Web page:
When UConn's star point guard Caroline Doty tore her left ACL for the third time last year, she didn't even know she did it. "I went up for a left-hand layup and landed ... and I felt it kind of shift. It didn't even feel like a pop," she told reporters. "I shook it off and kept playing, and the next day it got really stiff. That's when I knew that something was terribly wrong."

The season-ending injury made national headlines. The buzz wasn't about how Doty had suffered some freakish streak of bad luck, but rather how her debilitating ACL hat trick was, well, old hat, in the world of women's sports.

Doty was just one of a tidal wave of ligament blowouts that has come in the wake of Title IX and the sea of young women playing sports. Statistics show female athletes are two to eight times (depending on the sport) more likely to suffer a hobbling knee injury than their male peers, a disadvantage that robs them not just of on-field ability, but also confidence, stress relief that comes from sports and long-term mobility. But before you go cursing out your genetic makeup, know this: The injury is easy to avoid.

"We know that women have muscle imbalances and movement patterns that put them at a higher risk for these injuries," said Holly J. Silvers, MPT, of the Santa Monica Sports Research Foundation. "And, though schools and clubs have been slow to implement prevention programs, we know we can decrease the number of ACL injuries that are occurring."

In her latest pilot study with the Pepperdine basketball program, Silvers' PEP plan (Prevent injury and Enhance Performance) reduced ACL injuries 100 percent -- the players had zero blown ligaments, compared to their usual two per year. In a separate study of more than 2,100 female soccer players, among those practicing PEP training for a year, there were two ACL tears compared to 32 blown ligaments among those doing no preventative training -- an 88 percent reduction. Clearly, smart physiological tweaks can prevent this mid-leg mechanism from messing with your game.

What to do about this 'girl problem'

A few of the factors that make our ACLs (and MCLs and menisci) more susceptible than men's for non-contact injury are out of our control. Our undulating hormones may make our connective tissues more lax at certain times of our cycle. We have wider hips that make us more likely to be a bit knock-kneed and at risk to cave in and tear the ACL when we jump and land. And we're just smaller. The ligament itself is smaller, as is the notch through which the ligament connects to the femur.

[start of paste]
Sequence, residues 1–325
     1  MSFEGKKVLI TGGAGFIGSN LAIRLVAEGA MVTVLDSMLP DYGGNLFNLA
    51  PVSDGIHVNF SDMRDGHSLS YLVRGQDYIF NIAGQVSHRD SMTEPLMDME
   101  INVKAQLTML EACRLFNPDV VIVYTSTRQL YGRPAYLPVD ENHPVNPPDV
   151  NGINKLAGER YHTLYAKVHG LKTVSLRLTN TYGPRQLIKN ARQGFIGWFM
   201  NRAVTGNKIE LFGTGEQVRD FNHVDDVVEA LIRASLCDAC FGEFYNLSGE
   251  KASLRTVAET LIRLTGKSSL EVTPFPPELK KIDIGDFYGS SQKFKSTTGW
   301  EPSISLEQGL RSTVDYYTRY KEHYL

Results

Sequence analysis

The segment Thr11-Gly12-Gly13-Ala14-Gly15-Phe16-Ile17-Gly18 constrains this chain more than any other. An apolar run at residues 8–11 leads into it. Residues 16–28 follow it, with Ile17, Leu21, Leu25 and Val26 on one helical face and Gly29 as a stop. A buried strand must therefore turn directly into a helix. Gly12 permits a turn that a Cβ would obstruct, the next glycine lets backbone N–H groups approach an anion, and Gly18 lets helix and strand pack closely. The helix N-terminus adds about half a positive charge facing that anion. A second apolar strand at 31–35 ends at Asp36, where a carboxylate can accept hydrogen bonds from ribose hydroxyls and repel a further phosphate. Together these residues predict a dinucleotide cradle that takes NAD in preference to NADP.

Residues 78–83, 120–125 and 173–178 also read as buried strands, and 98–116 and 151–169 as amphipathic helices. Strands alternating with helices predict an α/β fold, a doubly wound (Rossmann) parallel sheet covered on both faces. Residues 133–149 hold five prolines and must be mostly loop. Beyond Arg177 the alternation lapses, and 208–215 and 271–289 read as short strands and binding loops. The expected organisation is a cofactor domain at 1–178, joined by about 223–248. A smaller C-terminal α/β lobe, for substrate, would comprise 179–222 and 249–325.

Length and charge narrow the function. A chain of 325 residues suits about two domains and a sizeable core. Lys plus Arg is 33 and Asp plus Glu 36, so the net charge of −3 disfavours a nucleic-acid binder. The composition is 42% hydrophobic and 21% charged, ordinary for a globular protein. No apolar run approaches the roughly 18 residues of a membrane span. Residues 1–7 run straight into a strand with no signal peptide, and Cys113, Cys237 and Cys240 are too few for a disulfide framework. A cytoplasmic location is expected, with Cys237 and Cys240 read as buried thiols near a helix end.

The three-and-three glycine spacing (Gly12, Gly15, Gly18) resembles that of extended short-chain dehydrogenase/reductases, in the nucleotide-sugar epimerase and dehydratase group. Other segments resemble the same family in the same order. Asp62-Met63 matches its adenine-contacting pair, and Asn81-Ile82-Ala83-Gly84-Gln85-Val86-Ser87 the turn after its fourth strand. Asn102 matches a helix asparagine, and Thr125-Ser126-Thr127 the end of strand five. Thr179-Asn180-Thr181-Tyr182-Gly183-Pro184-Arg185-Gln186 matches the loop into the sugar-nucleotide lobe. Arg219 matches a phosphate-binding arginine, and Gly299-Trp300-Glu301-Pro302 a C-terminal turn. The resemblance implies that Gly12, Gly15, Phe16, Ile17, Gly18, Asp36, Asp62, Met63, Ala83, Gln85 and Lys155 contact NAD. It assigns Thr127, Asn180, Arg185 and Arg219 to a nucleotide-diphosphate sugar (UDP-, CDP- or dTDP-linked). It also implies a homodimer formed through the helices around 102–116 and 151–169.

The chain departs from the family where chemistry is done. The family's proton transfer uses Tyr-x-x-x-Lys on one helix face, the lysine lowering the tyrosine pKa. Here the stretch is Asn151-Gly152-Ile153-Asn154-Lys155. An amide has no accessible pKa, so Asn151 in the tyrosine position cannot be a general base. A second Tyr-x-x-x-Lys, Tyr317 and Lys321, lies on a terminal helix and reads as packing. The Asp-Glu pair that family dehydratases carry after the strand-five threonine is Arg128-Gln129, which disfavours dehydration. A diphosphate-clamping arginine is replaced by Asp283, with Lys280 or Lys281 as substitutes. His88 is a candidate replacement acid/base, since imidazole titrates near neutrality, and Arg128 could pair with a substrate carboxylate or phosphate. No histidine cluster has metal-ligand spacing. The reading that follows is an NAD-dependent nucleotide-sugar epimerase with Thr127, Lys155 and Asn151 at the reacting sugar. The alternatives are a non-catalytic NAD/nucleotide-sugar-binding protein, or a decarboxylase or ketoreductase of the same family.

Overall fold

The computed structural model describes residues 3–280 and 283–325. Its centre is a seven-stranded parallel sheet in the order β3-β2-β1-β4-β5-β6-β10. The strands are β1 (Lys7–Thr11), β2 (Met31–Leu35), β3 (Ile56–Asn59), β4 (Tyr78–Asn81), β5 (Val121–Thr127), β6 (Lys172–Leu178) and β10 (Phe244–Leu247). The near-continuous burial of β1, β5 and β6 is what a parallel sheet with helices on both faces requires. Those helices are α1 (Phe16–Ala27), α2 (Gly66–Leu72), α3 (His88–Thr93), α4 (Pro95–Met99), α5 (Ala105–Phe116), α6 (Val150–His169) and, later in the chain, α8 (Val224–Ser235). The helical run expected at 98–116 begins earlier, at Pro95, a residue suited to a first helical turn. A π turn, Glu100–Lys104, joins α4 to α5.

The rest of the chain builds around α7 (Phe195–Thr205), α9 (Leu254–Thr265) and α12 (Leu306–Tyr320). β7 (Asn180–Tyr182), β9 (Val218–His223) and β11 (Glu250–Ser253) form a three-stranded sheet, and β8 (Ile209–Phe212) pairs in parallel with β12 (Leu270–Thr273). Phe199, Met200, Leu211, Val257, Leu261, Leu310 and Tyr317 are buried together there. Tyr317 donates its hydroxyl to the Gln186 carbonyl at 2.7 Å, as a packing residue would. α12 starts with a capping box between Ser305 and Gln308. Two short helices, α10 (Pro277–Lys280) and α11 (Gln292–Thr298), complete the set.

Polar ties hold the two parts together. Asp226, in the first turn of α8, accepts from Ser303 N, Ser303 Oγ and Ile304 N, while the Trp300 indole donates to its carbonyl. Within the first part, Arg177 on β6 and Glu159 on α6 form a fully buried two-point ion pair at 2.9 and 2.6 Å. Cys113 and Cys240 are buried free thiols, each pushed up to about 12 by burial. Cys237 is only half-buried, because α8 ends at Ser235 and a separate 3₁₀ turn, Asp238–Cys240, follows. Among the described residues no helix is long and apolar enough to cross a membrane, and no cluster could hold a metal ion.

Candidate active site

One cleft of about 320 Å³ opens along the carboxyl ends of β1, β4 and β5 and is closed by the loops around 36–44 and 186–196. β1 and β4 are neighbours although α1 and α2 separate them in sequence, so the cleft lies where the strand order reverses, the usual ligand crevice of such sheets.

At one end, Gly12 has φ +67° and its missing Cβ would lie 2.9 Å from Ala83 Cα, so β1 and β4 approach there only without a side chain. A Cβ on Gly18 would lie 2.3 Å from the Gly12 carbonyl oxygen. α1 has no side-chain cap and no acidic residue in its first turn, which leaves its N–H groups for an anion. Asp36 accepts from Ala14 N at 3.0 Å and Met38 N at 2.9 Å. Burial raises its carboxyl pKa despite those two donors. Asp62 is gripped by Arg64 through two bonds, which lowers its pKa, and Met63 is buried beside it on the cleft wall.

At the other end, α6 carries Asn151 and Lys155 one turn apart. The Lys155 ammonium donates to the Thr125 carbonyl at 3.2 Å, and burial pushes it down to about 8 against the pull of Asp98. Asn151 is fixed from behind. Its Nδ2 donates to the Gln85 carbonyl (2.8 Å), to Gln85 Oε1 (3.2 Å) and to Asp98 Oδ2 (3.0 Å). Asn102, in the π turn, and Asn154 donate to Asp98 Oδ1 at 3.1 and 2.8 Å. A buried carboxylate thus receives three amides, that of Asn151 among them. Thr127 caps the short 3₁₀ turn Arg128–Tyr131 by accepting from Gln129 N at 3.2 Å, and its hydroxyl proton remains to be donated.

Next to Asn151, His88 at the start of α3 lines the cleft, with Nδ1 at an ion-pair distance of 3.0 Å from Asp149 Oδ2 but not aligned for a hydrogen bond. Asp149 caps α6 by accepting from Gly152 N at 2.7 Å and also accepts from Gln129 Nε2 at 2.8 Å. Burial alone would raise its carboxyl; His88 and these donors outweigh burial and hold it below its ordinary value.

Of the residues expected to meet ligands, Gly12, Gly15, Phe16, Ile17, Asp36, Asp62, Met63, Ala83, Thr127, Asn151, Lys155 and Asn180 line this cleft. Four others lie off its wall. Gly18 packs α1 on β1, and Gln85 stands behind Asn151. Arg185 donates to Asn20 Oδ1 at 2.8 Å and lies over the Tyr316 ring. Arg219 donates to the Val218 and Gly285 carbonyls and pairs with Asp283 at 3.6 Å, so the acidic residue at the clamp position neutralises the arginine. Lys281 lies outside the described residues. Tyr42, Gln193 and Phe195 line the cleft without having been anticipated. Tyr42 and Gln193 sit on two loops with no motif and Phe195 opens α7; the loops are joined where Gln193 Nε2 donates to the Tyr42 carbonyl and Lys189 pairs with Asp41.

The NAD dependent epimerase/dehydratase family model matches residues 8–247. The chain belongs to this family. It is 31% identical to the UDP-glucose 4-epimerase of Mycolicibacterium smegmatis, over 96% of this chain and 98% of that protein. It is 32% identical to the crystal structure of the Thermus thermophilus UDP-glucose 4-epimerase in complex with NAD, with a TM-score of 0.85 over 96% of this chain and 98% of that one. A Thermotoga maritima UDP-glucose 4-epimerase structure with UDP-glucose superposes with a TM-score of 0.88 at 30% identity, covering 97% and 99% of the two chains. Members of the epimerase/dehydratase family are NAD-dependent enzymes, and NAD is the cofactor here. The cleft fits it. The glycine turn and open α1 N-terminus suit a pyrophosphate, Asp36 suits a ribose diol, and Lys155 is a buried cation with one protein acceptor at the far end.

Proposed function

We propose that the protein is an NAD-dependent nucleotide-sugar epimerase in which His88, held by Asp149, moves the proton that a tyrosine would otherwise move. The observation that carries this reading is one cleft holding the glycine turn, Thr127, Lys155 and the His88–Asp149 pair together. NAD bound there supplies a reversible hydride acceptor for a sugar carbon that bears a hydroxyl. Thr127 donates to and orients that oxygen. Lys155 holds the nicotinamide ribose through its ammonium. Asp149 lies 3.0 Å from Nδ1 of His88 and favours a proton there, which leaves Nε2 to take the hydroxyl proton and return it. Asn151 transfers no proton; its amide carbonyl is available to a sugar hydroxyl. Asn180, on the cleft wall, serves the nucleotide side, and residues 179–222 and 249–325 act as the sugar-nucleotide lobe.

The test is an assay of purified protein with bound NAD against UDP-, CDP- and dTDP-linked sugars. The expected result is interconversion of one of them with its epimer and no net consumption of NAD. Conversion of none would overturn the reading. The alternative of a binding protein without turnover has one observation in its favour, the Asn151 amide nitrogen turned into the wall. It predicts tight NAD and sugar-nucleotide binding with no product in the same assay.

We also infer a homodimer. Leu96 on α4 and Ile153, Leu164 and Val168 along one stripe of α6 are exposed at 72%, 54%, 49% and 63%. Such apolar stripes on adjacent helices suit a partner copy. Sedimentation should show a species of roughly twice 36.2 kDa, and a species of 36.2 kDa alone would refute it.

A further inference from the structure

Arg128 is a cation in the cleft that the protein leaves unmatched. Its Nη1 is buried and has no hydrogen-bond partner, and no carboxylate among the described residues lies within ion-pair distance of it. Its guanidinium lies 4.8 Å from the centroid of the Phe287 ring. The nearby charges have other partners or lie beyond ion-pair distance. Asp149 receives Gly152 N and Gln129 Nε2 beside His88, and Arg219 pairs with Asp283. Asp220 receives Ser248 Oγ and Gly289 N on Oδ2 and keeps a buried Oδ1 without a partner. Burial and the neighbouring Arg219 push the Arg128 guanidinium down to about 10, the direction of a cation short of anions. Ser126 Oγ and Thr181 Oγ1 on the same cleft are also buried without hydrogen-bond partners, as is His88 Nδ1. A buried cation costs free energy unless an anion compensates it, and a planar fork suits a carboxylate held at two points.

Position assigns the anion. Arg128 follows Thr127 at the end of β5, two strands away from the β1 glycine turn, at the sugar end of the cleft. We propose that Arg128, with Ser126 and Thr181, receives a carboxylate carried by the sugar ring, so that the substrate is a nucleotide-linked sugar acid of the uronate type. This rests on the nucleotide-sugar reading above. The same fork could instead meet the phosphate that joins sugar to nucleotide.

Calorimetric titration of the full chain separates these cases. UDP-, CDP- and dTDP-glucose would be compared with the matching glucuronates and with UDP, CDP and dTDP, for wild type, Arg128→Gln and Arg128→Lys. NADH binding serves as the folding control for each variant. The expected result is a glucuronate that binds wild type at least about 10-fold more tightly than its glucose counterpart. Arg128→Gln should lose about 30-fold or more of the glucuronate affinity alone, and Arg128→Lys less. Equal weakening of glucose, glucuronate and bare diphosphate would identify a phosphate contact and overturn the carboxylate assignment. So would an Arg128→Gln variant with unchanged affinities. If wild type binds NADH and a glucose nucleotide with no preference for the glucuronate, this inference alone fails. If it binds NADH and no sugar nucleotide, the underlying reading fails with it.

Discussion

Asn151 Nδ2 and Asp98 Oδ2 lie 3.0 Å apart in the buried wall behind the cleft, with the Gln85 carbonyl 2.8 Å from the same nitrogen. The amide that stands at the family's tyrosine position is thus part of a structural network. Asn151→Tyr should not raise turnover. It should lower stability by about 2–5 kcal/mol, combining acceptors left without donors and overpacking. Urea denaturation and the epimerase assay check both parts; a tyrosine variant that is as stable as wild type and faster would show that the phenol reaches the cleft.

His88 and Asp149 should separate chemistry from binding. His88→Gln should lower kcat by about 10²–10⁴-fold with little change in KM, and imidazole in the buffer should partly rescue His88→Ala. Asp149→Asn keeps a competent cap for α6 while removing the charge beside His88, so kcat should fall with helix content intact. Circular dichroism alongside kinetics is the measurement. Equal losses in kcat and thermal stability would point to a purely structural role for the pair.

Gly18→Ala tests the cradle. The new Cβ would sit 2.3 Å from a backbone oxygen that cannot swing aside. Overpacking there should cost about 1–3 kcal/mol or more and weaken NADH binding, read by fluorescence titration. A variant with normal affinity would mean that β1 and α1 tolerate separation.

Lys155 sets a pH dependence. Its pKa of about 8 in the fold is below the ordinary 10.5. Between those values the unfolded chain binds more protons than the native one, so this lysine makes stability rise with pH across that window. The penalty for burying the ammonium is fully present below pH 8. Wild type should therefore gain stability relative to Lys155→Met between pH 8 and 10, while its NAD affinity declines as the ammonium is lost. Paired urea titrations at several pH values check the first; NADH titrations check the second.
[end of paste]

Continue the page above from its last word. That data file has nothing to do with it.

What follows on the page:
But many factors are well within our control if we're willing to adjust, said Robin West, M.D., an orthopaedic surgeon at the University of Pittsburgh Medical Center's (UPMC) Center for Sports Medicine, who created an ACL injury prevention iPhone app based off the PEP plan and Sportsmetrics (a similar plan).

The risk factors ACL experts say are within a woman's control:

Quad dominance. Women rely on their quads to do movements like squatting, jumping and landing, rather than the bigger, stronger glutes, West said. As a result, they land with straighter knees and put more shearing force on those ACLs.

Ligament dominance. No one really knows why, but our muscles fire late, usually three-tenths of a second after the ligaments have absorbed the initial landing impact. "Doesn't sound like much," said Laura Ramus, PT, ATC, at the Detroit Medical Center. "But it's the difference between a safe landing and a blown ACL."

Leg imbalance. Women tend to have one leg that is significantly stronger than the other.

Core weakness. Women often have poor core strength compared to their legs, so when they stop quickly to kick or change directions, their trunk keeps going bringing a lot of weight with it in the opposite direction.

The healthy knee Rx